Public interest is always a compromise. Public appeal is the counterbalance.

So Copps wants to end the postcard renewal and make it a process with some teeth. I can imagine that will involve much more paperwork. And if it’s shortened to three years, more paperwork more often.

Perhaps Copps will get his wish. I think most stations could handle increased filing requirements. The question is, can the FCC handle the new workload of reviewing and granting the revised renewal application process in a timely and efficient manner?

Another delay for DTV

Feb 17? Not necessarily. Jun 12? Definitely. Really. For sure this time.

The analog shutoff has been promoted as being Feb 17 for years now, yet some people are still in the dark about it apparently.

I think a big part of it is that Congress and the FCC didn’t want to look like the bad guys when Ethel and Homer lost their TV signals. Now the shutoff date is up to the station. Let the station take the blame.

Deadlines are created for a reason. Yes, the coupon program had some problems. Yes, many people don’t pay attention to the daily notices that they might lose their TV signals. Most markets held soft tests to see who might be affected. Many SBE chapters worked phone banks to answer questions about the transition.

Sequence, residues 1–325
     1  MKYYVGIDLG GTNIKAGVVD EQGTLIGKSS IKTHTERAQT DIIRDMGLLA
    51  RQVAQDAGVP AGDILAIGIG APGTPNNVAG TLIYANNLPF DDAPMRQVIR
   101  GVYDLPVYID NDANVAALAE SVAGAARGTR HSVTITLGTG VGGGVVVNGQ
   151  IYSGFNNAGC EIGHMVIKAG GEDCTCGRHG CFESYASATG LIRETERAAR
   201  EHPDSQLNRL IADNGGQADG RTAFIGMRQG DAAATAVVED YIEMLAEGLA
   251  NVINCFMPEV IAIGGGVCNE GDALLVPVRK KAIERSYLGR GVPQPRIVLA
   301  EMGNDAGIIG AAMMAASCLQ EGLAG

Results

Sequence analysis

Meanwhile, the companies that bought the 700MHz spectrum that will be freed are still waiting to get access to it.

Feb 17 should have been left in place.

Help Wanted: Honest FCC Commissioner

We already knew that there were problems at the FCC. Now, some members of Congress have affirmed that belief. Read about it here:


Unfortunately, it is likely that little will be done. Once Obama is sworn in, a the commission will have a new chairman.

Who’s Next at the FCC?

With a new president comes new legal appointments. It’s already expected that Kevin Martin, a Republican, will be stepping out when Obama is sworn in. The two sitting Democrat commissioners are Adelstein and Copps. Which one of them could be appointed to be the chairman?

If I had to pick one, it would be Adelstein. Based on his comments and history at the FCC I think he has a better record of being broadcaster friendly.

Copps seems to have good intentions, but his actions always consider the broadcaster second or third. While I agree that public interest should be served, Copps seems to have an unrealistic view of what the public really wants.

I also wonder what other changes will be made at the FCC.

We’ll know soon enough.